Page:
The squeaky wheel gets the grease.

Good point! (Though I wouldn’t want to characterize the Corps as a squeaky wheel)

Bring back the Jeep!
Yes, it’s that simple.

True, an LSD can carry pretty much anything, thats not the question. But a JLTV doesn’t have to just fit on a LSD, it has to fit on a LSD in pretty much the exact same spot as the equipment it is replacing. Thats a whole different level of difficulty and that is the driver.

All true, but in the case of the JLTV, specific USMC requirements appear to be the driver for vehicle development. For instance, from the article the maximum width and height of the vehicle is probably driven by the USMC requirements. That ultimately has a lot more impact to the vehicle than say, onboard power generation, which is probably driven by the USA requirements.

Actually it isn’t. There are definitely places like CONUS bases where a jeep could be used for personnel transport but modern-day equipment requires a lot more electical power than a jeep could begin to generate. The mobility requirements that the HMMWV meets would be impossible for a jeep (ground clearance for one and fording anbility for another). The equipment that won World War II was great for World War II but technology and tactics have advanced from that point. We don’t have the luxury of dozens of divisions of troops any more so we have to make the most that we can with the people that we’ve got. Thus, the need for body and vehicle armor, more high tech communications gear and of course all of the night fighting gear that allows the US soldier to operate in darkness while the enemy is severaly disadvantaged.

Again, not really. Having been on many amphibious deployments, I never saw the same stowage and load from one deployment to the next. What they are worried about is the “cube” (three dimensional space taken up by the item) and how much the combined additional cube within the MEU (SOC) will affect the overall ability to fit within the amphibious shipping.

More they change the requirements for the vehicle competition more likely this will get canceled like other competitions. I know they need certain requiements, safety, protections, fuel-considerations, power-generating requirements. It take time, alot of it develop entirely new vehicles, i hope Marines aren’t suddenly changing things again because of political considerations with the industries.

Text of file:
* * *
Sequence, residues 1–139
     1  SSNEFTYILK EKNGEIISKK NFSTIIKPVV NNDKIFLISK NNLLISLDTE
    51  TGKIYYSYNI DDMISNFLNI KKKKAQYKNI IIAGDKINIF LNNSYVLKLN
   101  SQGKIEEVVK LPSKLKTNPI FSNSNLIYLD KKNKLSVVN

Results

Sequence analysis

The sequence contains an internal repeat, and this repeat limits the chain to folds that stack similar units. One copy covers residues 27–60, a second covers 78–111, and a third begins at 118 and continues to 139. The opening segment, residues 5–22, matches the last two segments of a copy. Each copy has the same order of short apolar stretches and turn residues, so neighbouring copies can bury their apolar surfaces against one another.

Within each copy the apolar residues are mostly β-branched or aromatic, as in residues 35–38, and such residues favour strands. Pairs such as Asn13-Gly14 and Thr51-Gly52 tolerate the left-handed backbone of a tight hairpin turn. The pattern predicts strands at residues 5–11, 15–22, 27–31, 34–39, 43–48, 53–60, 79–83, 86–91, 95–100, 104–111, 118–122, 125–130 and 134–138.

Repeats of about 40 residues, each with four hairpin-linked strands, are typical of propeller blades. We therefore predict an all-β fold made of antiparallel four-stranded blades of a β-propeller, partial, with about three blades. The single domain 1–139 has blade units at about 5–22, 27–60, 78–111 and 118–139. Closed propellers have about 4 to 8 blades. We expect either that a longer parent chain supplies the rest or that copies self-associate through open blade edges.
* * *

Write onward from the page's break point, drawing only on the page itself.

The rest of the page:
You’re assuming.

The Army also has height/width requirements (we deploy to the same places on the same or very similar ships/aircraft) . Consider the author got the idea from visiting the Modern Day Marine Conf at Quantico and the impact the sales pitch from the vendor made on him.

It would be nice just like the 80’s when they introduced the HUMVEE to have a vehicle for training as well, not only for combat. I know the unit I am in only has armored HUMVEE. The light skinned HUMVEE is long gone.

So what does the average soldier do with this problem. Well, the lack of comfort sitting and driving a armored HUMVEE is unbearable for training. Everyone hates them in a CONUS environment.

My question is: Is there going to be a light skinned version of the JLTV or are they all going to be heavy and unsustainable on dirt and muddy roads for training.

Just an observation. I know the benefits to armored vehicles, but the usage for the CONUS environment is somewhat limited to actual FTX. You do not need a 250.000 vehicle to drag a water buffalo or a trailer behind.

What is the Army doing to bridge the gap between the forward deployed IED protected vehicle and the vehicle soldiers (just like the HUMVEE when it first came out) can easily use for training in the woods and backroads.

Are we all going to have to drive a 13.000 lbs behemot in the woods?

Someone help me out on this one please

The JLTV is replacing around 20% of the Army’s humvee fleet, so we’ll still have plenty of humvees for mundane logistical tasks for the foreseable future.

Brass — “The Army has a history and a tendency to allow their land vehicles to evolve into large, heavy and difficult to transport items.”

Examples? I think the Bradley in comparison to the AAVP7 is the only example which is hardly a trend.

The talking point that the army has difficulty transporting its equipment is an unsupproted talking point. The Army had consistently deployed light and heavy units before or equal to the Marines (e.g. Korea, Desert Storm, OIF). It gets repeated a lot but it’s hardly true.

If it were such a dealbreaker the Marines would’ve supported the M8 and used that as their armored platform, but no, they wanted a Mark I Bolo.

Amusingly, a number of Humvees will be of the armored type-because sadly the unarmored ones got chewed up by Iraq and Afghanistan…not necessarily by shaped charges and anti-tank mines, but by extended use.

Whatever’s left is whatever the army last bought-and it wasn’t unarmored Humvees.

Great point!

The Jeep J8 is being produced and is used by many countries! There is an armor kit for it too and J8 meets Milspec, including the concerns you have stated.
Here’s a link: http://​en​.wikipedia​.org/​w​i​k​i​/​J​e​e​p​_J8

I drive a Milspec Jeep Wrangler ( 6 speed stick) for my daily driver and it is awesome!

The J8 recon vehicle (armored) with it’s heavier suspension — turbo disel engine — higher ground clearance, is an awesome vehicle and would be welcomed by many — especialy the marines (cheaper than repairing and recaping HUMVEE’s and WAY cheaper to buy than JLTV)> The big problem and game stopper is that it is a sole source contract and not allowed by regulations within the DoD world. Many of the items under competition right now were already avail by a sole source but sense we cant do that we take all the capabilities of that item and write them down for contractors to come up with something close at a higher cost to allow for R&D and tooling of the bidders. You would think with the budget woes they would trhow this reg out as soon as possible.